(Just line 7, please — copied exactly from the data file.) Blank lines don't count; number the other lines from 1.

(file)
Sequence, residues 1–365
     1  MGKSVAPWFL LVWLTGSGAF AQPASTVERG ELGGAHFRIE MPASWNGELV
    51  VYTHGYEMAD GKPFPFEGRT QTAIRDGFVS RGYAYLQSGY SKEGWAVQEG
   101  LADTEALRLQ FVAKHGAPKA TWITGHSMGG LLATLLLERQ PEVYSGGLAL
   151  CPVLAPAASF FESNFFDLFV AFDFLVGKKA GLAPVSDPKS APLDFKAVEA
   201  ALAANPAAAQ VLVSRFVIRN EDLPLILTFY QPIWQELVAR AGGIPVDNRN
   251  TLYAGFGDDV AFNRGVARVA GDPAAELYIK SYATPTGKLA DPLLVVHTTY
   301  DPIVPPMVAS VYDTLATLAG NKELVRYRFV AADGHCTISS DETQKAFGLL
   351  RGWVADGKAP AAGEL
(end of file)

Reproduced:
   251  TLYAGFGDDV AFNRGVARVA GDPAAELYIK SYATPTGKLA DPLLVVHTTY